Vegetable and fruit farmers
One reason the Philippines is so underdeveloped is our neglect of agriculture. We’ve kept farmers poor, and the list of reasons is a long one: tilling land that often isn’t their own, underdeveloped infrastructure such as irrigation and farm-to-market roads, lack of access to credit and financial assistance, lack of technical help not just for agriculture but for entrepreneurship…
If the agriculture sector is neglected as a whole, it’s worst when it comes to vegetable and fruit farmers, with the pandemic and lockdown causing even more misery among them.
I recently discovered a group called Rural Rising, run by a couple, Ace and Andie, both from Baguio City but now based here. “Accidental farmers” they call themselves, thrust into a mission of “rescuing” vegetables and fruits from farmers who have been cut off from markets and regular buyers. They operate out of a house in UP Village (72 Maayusin Street, 09125220289) generously rented to them by San Miguel for a tiny token amount.
You can’t predict what vegetables will be coming into their store. I had first heard about them from a friend who told me they had Sagada oranges, the real ones and not the Made in China wannabees. When I got to their office, they had run out of the fruits, but they had Nueva Vizcaya oranges, which I hadn’t seen in years. I’ve visited them twice, and gone away with mangosteen, persimmons, bananas, corn, passion fruit.
They offer “crates of trust,” where you leave it to the couple to decide what to put in. Also “crates of hope,” where you choose what you want to get, at a fantastically great deal: Almost everything is P999 for a crate, or about 6 kilos. And here’s the amazing twist: When you buy the crate of hope, Rural Rising will donate an equivalent amount to a COVID-19-affected urban poor community.
Ace and Andie had so many stories about how the vegetable farmers are desperately trying to make ends meet. They had questions for me, too, hoping I could apply an anthropological eye to what they find ever so mysterious: why vegetable and fruit prices fluctuate like crazy. They gave one example, that of tomatoes, which can go up as high as P20 a kilo, but during the pandemic, prices went down to P8 a kilo in markets. Farmers, however, were disposing of them at P2 a kilo on roadsides, just to get rid of the easily perishable produce.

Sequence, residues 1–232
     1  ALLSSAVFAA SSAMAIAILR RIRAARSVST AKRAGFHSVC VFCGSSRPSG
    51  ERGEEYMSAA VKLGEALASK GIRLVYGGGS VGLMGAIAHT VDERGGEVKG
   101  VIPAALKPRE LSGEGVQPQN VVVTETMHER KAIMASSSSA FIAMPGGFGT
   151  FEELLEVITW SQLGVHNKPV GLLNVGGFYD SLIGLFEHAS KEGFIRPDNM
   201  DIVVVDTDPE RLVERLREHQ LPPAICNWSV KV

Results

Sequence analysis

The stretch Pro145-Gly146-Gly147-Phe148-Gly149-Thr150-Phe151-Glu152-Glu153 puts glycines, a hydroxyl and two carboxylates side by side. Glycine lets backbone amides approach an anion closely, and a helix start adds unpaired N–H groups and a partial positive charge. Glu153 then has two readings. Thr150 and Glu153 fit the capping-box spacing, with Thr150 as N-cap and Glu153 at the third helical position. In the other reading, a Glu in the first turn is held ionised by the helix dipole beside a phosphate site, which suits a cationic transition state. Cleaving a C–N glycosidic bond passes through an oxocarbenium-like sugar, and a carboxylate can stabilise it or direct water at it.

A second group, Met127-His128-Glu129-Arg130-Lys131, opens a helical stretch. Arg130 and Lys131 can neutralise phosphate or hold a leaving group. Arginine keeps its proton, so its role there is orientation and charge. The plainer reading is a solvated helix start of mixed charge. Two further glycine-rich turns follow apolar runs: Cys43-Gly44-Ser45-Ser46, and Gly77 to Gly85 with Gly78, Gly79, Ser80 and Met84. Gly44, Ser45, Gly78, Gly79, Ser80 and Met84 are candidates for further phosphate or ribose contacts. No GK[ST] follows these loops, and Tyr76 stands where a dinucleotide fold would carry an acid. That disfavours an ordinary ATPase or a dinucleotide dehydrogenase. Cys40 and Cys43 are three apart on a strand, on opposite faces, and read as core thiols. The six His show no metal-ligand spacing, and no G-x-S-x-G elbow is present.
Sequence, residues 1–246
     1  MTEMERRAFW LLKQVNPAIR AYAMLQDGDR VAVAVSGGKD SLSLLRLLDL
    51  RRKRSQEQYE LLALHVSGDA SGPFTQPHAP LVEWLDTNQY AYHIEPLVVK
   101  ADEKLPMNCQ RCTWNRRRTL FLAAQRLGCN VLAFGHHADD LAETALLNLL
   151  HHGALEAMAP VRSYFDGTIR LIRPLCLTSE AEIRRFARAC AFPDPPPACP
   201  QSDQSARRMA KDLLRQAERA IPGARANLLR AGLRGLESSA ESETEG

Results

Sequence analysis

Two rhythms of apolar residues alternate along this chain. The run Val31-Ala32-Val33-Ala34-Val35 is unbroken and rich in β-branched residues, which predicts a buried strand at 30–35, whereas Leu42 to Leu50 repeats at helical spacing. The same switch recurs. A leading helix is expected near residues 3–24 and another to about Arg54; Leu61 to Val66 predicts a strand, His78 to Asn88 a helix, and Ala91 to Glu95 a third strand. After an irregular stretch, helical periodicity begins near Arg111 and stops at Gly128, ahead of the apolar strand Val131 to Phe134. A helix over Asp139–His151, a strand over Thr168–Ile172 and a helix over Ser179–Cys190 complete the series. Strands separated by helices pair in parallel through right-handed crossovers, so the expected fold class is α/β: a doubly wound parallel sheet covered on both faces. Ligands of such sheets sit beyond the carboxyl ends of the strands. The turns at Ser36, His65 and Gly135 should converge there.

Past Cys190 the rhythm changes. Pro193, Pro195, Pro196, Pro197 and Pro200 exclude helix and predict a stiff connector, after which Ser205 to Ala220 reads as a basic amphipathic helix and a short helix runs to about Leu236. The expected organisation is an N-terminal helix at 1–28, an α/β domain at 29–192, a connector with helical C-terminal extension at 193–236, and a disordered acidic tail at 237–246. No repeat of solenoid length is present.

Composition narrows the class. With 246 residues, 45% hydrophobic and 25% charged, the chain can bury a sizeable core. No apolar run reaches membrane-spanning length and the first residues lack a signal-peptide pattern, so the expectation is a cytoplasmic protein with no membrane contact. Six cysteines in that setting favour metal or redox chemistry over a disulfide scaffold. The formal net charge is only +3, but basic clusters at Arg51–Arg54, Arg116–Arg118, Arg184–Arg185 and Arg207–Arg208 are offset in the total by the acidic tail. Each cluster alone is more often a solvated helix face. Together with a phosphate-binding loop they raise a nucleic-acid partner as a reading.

Ace and Andie offered a group of farmers P8 a kilo for 3 tons of eggplant. When they got back, the farmers had sold them at P0.50 a kilo to their creditors, who apparently caught wind of the P8 deal.
Straightforward, I said, there’s the fear and intimidation. But farmers without support from government, or from organized groups (e.g. cooperatives) will also drop prices just to have money on hand for their families. It’s not a cultural problem; it’s the economics of despair.
I wrote to Ruth Batani of the Benguet State University to ask for an update on the vegetable farmers there, and she sent me a depressing report on how farmers tried, when the lockdown was first imposed, to sell their produce at rock-bottom prices. Then in April, stricter lockdowns meant they could not even sell, and the produce was left to rot.
But I’m sure many readers saw how organized Benguet farmers were able to sell to the wealthy subdivisions in Metro Manila, finding richer patrons who arranged for them to come on weekends.
There’s so much yet that needs to be done to rationalize this sector with all its potential. Demand should actually increase, the pandemic raising people’s awareness of the need for healthier eating. But will this mean vegetable farmers getting a better deal?
Do check Rural Rising — they’re open all week from early in the morning (I went at 8 a.m.).
Also another discovery — get the app of Session Groceries in Baguio. Someone first recommended the outlet when I was looking for betel nut for one of the lumad leaders stranded in Manila. I ordered from Session Groceries, but it turned out Quiapo has several suppliers.
At least I got to know of the store, and have been able to order from them vegetables and fruits and, take note, herbs, which have run out in Cubao and other suppliers.
Lots more to do. I’ll help keep readers connected to the groups that help farmers help themselves.
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